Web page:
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Getting to grips with a new hand

By Wang Qian | China Daily | Updated: 2023-12-09 10:59

Xu Min and her team demonstrate her bionic prosthesis at a promotional event for Cybathlon 2024, which will attract 160 teams from across the world. [Photo provided to China Daily]

At first glance, the tasks may seem mundane. They include hanging laundry and hammering a nail. But if completed successfully they will give the person who carries them out a greater sense of achievement.

These are the tasks that have been chosen to test if artificial hands are up to doing the mundane, and if their recipients can use them efficiently. They will also bring cheer to a number of scientists.

At the Rehabilitation Engineering Technology Department at the Suzhou Institute of Biomedical Engineering and Technology of the Chinese Academy of Sciences, engineers and researchers are busy adjusting a myoelectric prosthetic hand. This is an externally powered artificial limb that the recipient controls with the electrical signals generated naturally by their own muscles.

Xu displays how the 3D-printed bionic hand grasps at the event in Beijing in October. [Photo provided to China Daily]

The Suzhou scientists hope to make it more compatible for Xu Min, who lost her right forearm in an accident in 1992. The 48-year-old woman from Suzhou, Jiangsu province, will wear the hand to compete in the arm prosthesis race tasks in the Cybathlon Challenges in February. The four tasks include hanging laundry, serving food, stacking, hammering and removing a nail.

"These tasks are routine and delicate, by which, I think, the organizers intend to test if the artificial hand can replicate the dexterity and functionality of a human hand," Xu says. She won a top spot at the Cybathlon Challenges in March and if she wins the contest in February, she will be more confident about entering the October global finals — Cybathlon 2024 in Zurich, Switzerland. This is considered the pinnacle event in the sector.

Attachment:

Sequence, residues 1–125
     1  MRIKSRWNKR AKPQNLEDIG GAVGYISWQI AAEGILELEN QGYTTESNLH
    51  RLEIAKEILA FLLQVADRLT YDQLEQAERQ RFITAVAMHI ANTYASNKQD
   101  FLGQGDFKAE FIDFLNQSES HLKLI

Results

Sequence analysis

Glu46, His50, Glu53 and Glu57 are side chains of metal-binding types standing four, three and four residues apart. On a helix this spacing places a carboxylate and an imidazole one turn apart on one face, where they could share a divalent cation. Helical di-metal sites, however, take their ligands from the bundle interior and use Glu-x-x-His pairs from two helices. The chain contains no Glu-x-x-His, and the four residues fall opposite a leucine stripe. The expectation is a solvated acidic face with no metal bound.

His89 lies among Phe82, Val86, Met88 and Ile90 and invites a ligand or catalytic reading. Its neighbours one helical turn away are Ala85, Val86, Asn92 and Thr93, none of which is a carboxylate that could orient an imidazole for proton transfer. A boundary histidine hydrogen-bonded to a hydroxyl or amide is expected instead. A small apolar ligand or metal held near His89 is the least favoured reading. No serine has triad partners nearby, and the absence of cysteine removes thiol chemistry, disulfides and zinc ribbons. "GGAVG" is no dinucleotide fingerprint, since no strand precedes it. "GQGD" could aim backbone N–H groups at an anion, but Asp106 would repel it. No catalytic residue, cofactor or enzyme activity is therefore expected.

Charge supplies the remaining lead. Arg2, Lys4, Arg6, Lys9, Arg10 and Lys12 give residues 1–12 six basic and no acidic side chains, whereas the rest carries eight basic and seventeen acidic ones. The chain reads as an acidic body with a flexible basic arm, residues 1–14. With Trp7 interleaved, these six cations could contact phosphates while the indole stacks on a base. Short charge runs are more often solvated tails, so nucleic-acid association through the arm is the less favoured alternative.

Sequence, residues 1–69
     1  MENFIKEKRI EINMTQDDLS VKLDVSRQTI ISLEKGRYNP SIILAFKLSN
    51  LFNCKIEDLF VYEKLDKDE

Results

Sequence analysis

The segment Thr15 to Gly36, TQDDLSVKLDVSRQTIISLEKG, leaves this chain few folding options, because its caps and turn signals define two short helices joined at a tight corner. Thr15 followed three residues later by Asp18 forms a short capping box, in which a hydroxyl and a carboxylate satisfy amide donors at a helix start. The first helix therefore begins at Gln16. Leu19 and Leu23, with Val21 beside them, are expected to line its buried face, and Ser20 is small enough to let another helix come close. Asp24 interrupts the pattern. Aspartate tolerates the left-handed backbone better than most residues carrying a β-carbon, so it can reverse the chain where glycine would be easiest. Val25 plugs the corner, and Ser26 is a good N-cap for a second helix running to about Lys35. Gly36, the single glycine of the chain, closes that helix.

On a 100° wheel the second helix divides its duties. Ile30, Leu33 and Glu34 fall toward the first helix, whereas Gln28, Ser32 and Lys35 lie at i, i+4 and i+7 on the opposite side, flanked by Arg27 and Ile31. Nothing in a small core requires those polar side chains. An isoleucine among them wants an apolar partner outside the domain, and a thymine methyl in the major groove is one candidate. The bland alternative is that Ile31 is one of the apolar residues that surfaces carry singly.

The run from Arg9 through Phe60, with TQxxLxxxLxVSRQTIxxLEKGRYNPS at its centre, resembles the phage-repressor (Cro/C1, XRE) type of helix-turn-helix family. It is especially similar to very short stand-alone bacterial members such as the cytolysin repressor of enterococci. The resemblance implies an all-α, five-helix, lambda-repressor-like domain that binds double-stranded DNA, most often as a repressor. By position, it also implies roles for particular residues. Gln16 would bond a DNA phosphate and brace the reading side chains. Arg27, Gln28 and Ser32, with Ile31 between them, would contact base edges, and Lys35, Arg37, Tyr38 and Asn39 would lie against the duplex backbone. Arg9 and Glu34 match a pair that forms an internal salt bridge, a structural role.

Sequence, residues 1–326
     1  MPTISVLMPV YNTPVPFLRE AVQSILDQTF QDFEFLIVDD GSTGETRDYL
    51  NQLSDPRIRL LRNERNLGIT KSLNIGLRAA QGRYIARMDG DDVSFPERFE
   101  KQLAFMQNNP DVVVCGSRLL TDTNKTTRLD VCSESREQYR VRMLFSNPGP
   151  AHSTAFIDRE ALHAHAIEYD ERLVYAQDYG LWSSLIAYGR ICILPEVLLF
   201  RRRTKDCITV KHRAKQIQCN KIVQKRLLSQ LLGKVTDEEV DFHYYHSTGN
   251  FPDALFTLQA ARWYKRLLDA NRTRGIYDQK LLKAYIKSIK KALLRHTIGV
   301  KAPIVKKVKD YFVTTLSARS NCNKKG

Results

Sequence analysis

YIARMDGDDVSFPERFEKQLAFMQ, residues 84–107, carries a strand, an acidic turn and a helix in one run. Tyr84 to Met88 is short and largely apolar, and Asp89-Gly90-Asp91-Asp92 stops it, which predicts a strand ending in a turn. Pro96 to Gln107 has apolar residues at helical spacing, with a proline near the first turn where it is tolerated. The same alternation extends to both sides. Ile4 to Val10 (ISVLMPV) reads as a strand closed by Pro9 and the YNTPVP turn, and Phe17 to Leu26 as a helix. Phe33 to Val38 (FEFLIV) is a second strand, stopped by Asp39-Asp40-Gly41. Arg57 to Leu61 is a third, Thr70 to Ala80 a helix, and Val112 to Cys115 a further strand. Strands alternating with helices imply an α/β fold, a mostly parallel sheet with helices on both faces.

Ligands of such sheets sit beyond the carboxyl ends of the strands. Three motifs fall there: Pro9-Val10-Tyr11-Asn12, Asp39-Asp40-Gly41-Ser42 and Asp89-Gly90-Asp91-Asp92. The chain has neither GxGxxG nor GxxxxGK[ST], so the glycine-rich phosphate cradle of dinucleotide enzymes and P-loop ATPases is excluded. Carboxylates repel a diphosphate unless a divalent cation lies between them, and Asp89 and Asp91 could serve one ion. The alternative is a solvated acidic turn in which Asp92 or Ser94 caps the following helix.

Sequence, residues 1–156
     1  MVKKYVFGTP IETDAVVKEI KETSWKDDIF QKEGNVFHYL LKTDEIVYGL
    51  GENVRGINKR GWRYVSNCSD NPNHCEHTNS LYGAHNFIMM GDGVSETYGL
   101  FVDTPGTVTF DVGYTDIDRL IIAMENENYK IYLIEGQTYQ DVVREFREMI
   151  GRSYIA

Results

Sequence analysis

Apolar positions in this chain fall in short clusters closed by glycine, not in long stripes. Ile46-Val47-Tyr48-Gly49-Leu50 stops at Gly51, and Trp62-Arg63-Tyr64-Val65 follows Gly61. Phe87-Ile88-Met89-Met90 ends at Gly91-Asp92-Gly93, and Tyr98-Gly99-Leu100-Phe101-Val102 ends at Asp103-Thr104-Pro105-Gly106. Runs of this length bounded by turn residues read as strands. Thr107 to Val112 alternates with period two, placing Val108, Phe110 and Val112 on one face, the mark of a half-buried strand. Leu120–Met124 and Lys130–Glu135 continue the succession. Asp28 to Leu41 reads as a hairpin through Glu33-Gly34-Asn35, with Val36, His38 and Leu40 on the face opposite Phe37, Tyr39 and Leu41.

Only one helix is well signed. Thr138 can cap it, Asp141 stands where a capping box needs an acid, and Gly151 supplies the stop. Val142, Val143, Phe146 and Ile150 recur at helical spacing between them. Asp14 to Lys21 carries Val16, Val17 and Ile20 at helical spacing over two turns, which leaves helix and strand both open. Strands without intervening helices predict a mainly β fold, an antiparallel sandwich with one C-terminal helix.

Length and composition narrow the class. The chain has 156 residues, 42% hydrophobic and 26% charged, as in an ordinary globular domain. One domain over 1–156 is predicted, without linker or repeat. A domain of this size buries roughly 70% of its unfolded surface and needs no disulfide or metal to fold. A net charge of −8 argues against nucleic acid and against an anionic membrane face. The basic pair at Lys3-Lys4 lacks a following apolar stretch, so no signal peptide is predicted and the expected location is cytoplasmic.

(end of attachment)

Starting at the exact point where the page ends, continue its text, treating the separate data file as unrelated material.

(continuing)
In the previous challenges, Xu was equipped with a robotic forearm prosthesis and completed the tasks — carrying bottles and sweeping up — in the shortest time with no mistakes.

Started by the Swiss Federal Institute of Technology Zurich and held since 2016, the quadrennial event is also known as the "Olympics of assistive technologies".

"Beyond the competition, it is also a technology platform for researchers to exchange ideas, a community of people committed to an inclusive and barrier-free society, a technology transferring opportunity and a public campaign. It aims to create a world without barriers for people with disabilities," Jurg Burri, ambassador of Switzerland to China, said at a promotional event for the competition in Beijing in October, which will attract 160 teams from across the world. Each team is made up of a pilot (with physical challenges) and a technology developer from a university or tech company.

Xu and her team attended the event to demonstrate their latest product and how humans and machines can collaborate.

"The event marks the countdown to the competition, which for me, means pressure to compete with researchers and companies from home and abroad," Xu says, adding that she cannot wait to get the hand ready to start the training.

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